Political MoJo

Ozomatli: Diplomacy You Can Dance To

| Wed Aug. 1, 2007 8:46 PM EDT

Ozomatli, the Los Angeles-based Latin-rock-funk band, is touring the world on the government's dime.

U.S. officials, who I'm sure are eager to present an image of an America different from the footage of soldiers fighting insurgents in Iraq, recently sent the Grammy-winning band to Jordan, Egypt, Lebanon, and Tunisia on a U.S. State Department grant. Their trip included visits to orphanages, schools, and community centers. They also hosted master classes and music workshops.

A government-sponsored trip of diplomacy really does suit this funk band, which was founded 12 years ago—at a labor workers' protest—to promote issues of social justice and community involvement.

Advertise on MotherJones.com

Questions for GOP YouTube Debate Not Friendly

| Wed Aug. 1, 2007 1:32 PM EDT

Want to know why most of the Republican presidential candidates are ducking their scheduled YouTube debate? Just take a look at some of the questions they're getting. Brutal.

Body Blow to John Edwards: Unions Might Not Issue Endorsement

| Wed Aug. 1, 2007 12:52 PM EDT

Bad news for Jedwards. Union leadership is "so happy" with the Democratic candidates for president that it might not endorse a contender in the primary, according to the NY Times. John Edwards, of course, has spent literally years courting organized labor in the hopes of getting its endorsement, which would be a huge boost for him in Iowa, where as many as one-third of Democratic caucusgoers come from union households, and elsewhere.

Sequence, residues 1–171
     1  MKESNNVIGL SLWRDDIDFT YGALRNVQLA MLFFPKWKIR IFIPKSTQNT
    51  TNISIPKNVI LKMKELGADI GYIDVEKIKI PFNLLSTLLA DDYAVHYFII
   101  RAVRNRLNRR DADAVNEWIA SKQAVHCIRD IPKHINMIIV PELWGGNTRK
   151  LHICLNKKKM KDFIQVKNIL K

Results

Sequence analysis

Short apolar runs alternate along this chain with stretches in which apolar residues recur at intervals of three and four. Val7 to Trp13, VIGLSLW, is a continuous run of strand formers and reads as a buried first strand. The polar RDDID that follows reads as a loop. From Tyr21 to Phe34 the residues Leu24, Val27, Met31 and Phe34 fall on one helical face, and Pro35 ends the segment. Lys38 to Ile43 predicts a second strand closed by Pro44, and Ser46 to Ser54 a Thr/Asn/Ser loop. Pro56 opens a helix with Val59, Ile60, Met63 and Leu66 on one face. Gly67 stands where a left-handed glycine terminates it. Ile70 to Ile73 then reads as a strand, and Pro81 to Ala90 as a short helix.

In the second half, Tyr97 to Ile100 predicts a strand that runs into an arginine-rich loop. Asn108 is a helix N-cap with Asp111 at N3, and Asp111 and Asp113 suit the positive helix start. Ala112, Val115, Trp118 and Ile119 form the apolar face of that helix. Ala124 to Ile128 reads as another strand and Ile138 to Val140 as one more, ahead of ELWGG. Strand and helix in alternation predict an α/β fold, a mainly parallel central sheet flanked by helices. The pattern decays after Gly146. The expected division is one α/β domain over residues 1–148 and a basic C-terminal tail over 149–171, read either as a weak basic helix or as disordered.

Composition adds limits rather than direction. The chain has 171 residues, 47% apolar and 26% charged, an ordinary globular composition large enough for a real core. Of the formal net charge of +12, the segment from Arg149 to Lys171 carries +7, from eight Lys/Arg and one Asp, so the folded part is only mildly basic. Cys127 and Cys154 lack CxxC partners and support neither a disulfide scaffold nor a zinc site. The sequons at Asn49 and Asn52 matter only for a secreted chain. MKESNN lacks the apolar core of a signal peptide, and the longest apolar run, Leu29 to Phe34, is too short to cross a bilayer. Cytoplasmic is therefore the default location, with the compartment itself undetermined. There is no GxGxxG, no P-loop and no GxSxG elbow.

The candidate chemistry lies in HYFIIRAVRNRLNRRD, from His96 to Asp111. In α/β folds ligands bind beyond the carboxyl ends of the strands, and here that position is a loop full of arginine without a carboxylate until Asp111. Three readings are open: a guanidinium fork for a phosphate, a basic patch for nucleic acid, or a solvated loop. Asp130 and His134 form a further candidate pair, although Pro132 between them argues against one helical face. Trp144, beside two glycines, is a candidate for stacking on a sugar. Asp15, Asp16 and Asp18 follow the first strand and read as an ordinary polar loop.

What's particularly sad is that poor Edwards hasn't done anything wrong. "There's a pretty strong sentiment across the labor movement for Edwards," said Steve Rosenthal, a former political director of the A.F.L.-C.I.O. "But I think some unions are a little leery of endorsing him without more evidence that he can win."

Ouch. How's that for a catch-22? Edwards can't get the labor endorsement because he can't win, and he can't win without the labor endorsement. It's tough being number three.

The Power of Wind Energy

| Tue Jul. 31, 2007 8:35 PM EDT

This Friday, the House is voting on bill H.R. 969, including the Udall-Platts Amendment that will require more of our electricity to come from renewable power sources like wind. In addition to creating jobs, the amendment is designed to keep electricity bills low, reduce our dependence on sources of power that aren't created in the U.S., and curb greenhouse gas emissions. Check it out.

Big oil & coal are fighting it. Fight them. Renewables are good for all stakeholders on planet Earth. JULIA WHITTY

Finally Some Progress on Darfur

| Tue Jul. 31, 2007 5:05 PM EDT

Reuters is reporting that the United Nations Security Council has authorized 26,000 peacekeepers for Sudan's Darfur region. Member countries will have 30 days to decide how many troops and police they will be contributing to the mission (American ground troops seem unlikely). The unanimous vote came only after the peacekeepers' mandate had been watered down several times, but this is unmistakably progress:

The resolution allows the use of force in self-defense, to ensure freedom of movement for humanitarian workers and to protect civilians under attack.

Language that allowed confiscating illegal weapons would have been nice, but being able to act to protect civilians under attack is what is most important. And while 26,000 blue hats probably isn't enough to stop the widespread killing in Darfur, it's a lot better than 7,000 African Union troops. It's a sign that the international community is finally starting to move on this issue. It's a start. We can be grateful for that.

— Nick Baumann

Dep't of See to Believe: Professionally Enraged Man in Every Press Photo Ever

| Tue Jul. 31, 2007 3:25 PM EDT

Okay, I can't vouch for this site, but it seems to have found an omnipresent Islamic protester who is very angry and has a knack for finding the camera. It's literally the same dude in tons of different photos. Take a second and make your day.

Advertise on MotherJones.com

Lock Him Up Already: Second Ted Stevens Investigation Underway

| Tue Jul. 31, 2007 3:01 PM EDT